For those of us who grew up in the shadow of the Cold War, journalist Eric Schlosser’s latest investigation is scary stuff. After famously eviscerating the fast food industry in Fast Food Nation (2001), he’s resurfaced with an alarming expose about the management of America’s nuclear arsenal.
Command and Control reads like something out of Stanley Kubrick’s Dr. Strangelove: atomic bombs that are mishandled by poorly-trained ground crews; two hydrogen bombs accidentally dropped over North Carolina in 1961 that failed to detonate only by a single failed switch; and dozens of “Broken Arrow” incidents where nuclear weapons were at risk of detonation or outside of the control of the United States military.
Schlosser shares these frightening images around the core story of the “Damascus Incident,” a 1980 accident during which Air Force crews valiantly fought against the potential explosion of a nine-megaton Titan II ballistic missile. After an Air Force officer told him the story, he was hooked.
“Just the personal heroism that was demonstrated that night was a great story,” Schlosser says. “The incident also illustrates the bigger theme of the book, which is this notion of the illusion of control. It’s very different from the official story, which is that these things can’t go off accidentally. Now we know it was never true.”
It’s been said that Schlosser writes alternative histories; the author admits that’s true of Command and Control.
“This book presents the history of nuclear weapons from the bottom up,” he explains. “It’s about the day-in and day-out management of our arsenal and the ordinary servicemen and bomber pilots and missile crews. In a way, it really is a ‘people’s history’ of nuclear weapons. Unfortunately, the American public has this perception that when the Cold War ended, the problem went away. The threat of all-out nuclear war may be diminished but the threat of an American city being vaporized by a nuclear weapon may be even greater today.”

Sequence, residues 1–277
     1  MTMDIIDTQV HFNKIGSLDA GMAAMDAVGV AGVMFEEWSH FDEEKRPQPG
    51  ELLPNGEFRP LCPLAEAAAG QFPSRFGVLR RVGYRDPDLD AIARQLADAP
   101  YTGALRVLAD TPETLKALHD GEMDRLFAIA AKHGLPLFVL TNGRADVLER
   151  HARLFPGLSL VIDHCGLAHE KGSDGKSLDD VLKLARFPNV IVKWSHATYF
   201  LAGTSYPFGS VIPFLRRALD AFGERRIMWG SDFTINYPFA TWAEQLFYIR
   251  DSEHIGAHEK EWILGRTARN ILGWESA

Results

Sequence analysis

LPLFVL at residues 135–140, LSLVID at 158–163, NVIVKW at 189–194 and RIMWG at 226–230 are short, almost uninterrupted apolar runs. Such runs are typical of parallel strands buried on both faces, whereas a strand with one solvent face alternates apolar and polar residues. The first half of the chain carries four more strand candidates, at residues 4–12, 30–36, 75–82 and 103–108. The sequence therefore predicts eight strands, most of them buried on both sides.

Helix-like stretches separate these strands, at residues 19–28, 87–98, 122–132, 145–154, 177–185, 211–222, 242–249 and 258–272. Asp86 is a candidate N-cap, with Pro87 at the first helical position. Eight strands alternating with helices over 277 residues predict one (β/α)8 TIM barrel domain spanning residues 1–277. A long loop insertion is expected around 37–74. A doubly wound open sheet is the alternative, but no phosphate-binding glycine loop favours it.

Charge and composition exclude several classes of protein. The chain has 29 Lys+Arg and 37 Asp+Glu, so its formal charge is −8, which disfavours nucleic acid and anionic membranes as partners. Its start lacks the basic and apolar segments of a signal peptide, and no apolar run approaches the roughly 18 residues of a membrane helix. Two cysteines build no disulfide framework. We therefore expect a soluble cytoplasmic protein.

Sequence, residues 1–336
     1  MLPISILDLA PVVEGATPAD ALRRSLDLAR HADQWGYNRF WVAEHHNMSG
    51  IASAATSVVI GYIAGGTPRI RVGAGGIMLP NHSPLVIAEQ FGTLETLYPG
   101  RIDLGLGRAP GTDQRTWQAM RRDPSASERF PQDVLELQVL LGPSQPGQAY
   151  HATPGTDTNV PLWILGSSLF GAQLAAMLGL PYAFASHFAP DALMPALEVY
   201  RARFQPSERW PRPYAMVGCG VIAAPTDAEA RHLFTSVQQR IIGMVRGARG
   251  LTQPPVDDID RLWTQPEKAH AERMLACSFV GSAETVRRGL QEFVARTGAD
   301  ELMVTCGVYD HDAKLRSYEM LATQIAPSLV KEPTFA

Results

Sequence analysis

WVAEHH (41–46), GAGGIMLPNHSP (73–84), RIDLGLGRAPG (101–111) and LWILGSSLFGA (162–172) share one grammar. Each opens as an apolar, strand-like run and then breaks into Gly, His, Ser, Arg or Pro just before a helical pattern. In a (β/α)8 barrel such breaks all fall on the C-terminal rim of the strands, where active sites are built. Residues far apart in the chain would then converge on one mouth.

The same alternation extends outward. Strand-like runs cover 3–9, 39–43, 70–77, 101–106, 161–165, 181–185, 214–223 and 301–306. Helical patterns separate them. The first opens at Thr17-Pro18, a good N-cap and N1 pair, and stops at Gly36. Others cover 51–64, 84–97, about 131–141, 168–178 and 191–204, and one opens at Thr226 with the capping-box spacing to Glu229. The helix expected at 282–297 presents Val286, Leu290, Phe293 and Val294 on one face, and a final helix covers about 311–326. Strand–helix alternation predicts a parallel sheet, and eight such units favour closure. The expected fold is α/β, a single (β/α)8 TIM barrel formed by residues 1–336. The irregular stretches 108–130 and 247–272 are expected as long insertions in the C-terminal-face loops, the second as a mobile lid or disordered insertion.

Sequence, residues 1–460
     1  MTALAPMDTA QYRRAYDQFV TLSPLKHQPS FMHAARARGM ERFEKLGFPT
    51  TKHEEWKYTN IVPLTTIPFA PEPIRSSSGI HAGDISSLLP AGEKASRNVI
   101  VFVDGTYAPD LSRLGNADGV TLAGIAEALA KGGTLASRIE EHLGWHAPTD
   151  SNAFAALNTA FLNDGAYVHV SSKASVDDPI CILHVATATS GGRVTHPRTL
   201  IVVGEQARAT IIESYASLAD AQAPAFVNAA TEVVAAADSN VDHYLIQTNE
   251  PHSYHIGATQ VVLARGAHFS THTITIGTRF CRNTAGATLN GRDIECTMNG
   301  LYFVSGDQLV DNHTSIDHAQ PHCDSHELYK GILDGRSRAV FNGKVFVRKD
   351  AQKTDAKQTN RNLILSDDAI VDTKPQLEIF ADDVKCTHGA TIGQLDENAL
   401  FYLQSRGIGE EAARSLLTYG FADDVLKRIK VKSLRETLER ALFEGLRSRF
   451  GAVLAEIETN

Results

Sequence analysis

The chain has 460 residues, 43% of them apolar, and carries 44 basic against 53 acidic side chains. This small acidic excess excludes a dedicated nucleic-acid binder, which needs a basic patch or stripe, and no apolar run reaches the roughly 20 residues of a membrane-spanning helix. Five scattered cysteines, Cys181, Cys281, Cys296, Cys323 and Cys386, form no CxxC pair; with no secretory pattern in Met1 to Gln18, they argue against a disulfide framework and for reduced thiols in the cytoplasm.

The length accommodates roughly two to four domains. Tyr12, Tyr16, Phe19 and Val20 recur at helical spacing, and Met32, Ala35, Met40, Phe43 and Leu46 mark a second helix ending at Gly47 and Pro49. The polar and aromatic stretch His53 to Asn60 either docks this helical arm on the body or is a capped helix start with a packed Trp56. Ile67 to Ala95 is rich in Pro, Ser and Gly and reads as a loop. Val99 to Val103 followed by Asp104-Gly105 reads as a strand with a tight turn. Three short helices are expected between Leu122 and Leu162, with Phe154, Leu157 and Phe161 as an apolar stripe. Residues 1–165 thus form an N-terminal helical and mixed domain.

That said, it’s not all gloom-and-doom for Schlosser, despite spending six years in the dark heart of the nuclear deterrent and a largely illusionary command-and-control system.
“It’s about a very dark subject but I don’t think we’re doomed,” he says. “I don’t feel apocalyptic after so many years thinking about this subject but I do think people need to confront this reality in order for us to avoid this very real danger.”
Clayton Moore is a freelance writer, journalist, book critic, and prolific interviewer of other writers. His work appears in numerous newspapers, magazines, websites and other media. He is based in Boulder, Colorado.